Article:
As library professionals we get a lot of emails. As leaders we need to be able to see what’s new information when it’s new and get to old information quickly when we need it. How do you do that when your email inbox is at 100 emails, 200 emails, dare I say, 300 emails?

Sure, new emails rise to the top and sure, you can search, and sure, you can flag things. But all of that is so much easier when there are about ten emails in your inbox. It saves you time and it sets you up nicely for when you are going to be out of the office for an extended period of time.

Here is how I do it:

When I get to work, I do a quick run through of my emails. I go through everything in the inbox and do one of three things:

1) Deal with it right now

If it will take me five minutes or less (a quick “Ok, thanks!” to let someone know I’ve received the email, for example) or if I’m just going to delete it, I do it right now.

2) File it in a folder

I have a few folders for ongoing projects or email I’m going to need to reference sometime in the future. In addition to folders pertaining to certain projects, I have one folder for general future reference, as well as a folder for time off requests, and a folder for job feedback. I try not to keep too many emails, even in these other folders. Really test yourself: can you come up with three examples of times you will really need this information? Is this information stored anywhere else?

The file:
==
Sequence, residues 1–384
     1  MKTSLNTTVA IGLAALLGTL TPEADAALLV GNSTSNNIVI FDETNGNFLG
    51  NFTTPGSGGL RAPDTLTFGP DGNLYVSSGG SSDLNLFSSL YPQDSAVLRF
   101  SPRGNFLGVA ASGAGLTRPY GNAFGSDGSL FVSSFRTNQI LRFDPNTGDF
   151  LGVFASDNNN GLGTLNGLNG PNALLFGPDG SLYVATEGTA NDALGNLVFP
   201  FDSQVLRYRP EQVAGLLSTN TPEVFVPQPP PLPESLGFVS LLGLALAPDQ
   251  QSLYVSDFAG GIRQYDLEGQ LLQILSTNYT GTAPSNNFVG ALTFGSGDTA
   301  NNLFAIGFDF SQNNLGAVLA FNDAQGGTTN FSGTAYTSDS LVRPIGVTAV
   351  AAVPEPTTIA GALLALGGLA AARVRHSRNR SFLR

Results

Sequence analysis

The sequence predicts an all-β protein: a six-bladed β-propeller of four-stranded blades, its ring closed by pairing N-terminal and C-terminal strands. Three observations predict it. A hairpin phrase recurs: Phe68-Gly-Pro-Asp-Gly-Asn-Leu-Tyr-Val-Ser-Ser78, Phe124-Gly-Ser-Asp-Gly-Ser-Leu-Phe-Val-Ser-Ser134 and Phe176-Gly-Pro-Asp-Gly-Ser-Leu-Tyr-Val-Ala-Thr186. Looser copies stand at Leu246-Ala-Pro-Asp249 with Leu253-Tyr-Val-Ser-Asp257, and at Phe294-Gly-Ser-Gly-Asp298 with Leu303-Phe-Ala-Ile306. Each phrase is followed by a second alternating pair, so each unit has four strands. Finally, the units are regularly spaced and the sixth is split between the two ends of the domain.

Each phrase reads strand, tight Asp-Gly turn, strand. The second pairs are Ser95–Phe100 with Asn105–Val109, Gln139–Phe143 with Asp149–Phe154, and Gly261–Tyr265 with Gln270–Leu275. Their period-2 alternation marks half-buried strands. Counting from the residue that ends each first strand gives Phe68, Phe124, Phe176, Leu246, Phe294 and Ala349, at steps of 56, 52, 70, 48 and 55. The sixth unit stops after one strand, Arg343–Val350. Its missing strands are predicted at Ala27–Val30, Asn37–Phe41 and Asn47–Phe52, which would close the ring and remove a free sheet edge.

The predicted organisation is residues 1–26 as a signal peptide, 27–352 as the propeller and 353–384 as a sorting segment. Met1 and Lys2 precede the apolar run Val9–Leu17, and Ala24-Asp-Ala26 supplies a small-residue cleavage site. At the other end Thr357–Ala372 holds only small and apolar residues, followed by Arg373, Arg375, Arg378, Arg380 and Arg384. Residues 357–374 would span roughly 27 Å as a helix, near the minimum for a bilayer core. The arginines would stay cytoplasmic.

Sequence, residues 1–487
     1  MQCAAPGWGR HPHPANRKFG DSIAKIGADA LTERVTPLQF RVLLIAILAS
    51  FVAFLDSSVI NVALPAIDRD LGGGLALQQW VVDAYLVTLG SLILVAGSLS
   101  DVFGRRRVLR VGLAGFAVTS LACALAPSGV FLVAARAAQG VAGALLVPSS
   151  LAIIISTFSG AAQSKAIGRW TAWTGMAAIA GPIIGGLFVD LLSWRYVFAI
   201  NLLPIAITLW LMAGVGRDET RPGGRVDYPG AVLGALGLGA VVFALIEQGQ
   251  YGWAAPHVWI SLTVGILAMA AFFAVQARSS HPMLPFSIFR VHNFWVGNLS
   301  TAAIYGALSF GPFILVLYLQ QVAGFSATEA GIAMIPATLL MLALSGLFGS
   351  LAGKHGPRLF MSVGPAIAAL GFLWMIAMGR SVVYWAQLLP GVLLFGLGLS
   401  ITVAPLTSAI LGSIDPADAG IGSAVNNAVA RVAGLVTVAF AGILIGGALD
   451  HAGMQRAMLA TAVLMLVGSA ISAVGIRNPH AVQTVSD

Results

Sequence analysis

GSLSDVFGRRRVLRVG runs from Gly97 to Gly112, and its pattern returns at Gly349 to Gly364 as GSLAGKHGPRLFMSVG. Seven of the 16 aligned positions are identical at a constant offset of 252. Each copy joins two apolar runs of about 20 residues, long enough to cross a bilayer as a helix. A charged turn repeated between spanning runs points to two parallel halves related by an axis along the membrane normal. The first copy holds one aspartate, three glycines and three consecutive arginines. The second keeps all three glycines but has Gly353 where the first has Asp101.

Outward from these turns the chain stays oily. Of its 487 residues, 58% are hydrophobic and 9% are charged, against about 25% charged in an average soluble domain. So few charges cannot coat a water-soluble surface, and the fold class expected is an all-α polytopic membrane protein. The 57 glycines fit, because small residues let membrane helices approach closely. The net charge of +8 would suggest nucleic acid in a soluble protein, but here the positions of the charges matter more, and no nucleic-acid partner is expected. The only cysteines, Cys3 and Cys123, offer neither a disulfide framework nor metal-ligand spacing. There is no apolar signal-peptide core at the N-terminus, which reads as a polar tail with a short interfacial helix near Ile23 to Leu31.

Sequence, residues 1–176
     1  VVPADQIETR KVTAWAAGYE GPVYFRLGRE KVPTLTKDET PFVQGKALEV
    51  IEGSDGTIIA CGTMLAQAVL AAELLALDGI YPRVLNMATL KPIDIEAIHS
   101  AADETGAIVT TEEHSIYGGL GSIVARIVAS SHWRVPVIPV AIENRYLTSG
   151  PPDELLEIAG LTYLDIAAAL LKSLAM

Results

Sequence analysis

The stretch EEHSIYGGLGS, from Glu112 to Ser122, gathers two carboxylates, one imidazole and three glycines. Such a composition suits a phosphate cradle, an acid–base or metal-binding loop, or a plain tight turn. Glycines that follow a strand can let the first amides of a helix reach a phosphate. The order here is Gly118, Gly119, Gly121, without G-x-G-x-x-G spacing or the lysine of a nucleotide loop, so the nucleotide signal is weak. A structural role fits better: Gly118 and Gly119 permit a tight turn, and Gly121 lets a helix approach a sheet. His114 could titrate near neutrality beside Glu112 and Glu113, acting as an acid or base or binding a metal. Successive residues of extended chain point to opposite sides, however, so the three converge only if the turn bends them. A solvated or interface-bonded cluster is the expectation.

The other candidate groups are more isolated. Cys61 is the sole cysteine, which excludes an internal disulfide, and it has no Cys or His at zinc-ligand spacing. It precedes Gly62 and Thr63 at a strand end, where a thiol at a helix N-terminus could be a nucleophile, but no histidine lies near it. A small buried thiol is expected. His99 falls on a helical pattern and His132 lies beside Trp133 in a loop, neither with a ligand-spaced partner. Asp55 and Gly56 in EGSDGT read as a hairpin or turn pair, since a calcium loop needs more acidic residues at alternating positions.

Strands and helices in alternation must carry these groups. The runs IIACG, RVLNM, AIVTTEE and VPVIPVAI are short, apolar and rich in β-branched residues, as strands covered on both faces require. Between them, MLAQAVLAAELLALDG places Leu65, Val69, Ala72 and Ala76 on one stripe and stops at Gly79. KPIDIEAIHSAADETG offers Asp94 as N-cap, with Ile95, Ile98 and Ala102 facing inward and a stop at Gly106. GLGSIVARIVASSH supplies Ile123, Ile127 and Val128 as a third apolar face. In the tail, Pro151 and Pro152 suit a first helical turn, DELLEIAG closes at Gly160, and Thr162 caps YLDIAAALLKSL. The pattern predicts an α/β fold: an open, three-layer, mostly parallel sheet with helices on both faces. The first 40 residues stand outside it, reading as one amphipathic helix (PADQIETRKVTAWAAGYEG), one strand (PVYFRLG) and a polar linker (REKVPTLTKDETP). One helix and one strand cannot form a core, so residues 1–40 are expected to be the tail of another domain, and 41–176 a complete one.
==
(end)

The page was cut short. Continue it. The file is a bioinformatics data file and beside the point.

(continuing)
3) Flag it

These are the very rare items that stay in my inbox. These are actionable items or information I will need for a specific date in the near future. If I get a confirmation email for a professional development event in two weeks, I flag that email so I have the information at the ready. The flag helps me remember to delete it when the event is over. Or, if I received a message about a sink that needs to be fixed in the building, I’ll flag the email until I have time to put in a work order. Once I’ve dealt with the task (put in the work order), I delete the email.

For the rest of the day, I just deal with new emails in one of those three ways. The flagged emails get incorporated in my byzantine to-do list system (which is very good, but a post for another day. It involves Outlook, sticky notes, dry erase markers, and dance breaks).